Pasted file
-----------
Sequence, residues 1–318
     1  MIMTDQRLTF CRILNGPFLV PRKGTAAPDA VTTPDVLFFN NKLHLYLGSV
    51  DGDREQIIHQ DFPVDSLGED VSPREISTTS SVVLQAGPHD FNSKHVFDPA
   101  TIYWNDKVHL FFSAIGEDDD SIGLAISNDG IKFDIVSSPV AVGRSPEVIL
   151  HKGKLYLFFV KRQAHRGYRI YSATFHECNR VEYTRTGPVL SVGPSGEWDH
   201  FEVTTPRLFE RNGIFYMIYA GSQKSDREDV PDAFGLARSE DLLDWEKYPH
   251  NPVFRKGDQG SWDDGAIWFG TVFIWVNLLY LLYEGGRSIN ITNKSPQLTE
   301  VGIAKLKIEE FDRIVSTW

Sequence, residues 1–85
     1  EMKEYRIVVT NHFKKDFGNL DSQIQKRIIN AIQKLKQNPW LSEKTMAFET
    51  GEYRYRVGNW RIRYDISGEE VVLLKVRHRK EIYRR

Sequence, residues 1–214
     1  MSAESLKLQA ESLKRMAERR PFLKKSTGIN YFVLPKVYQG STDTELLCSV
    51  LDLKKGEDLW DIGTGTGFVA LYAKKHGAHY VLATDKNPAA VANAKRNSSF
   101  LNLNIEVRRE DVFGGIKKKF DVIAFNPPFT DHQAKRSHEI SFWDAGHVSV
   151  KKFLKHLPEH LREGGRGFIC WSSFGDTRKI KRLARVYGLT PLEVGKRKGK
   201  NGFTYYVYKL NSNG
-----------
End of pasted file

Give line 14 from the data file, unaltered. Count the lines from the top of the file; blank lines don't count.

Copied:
    51  LDLKKGEDLW DIGTGTGFVA LYAKKHGAHY VLATDKNPAA VANAKRNSSF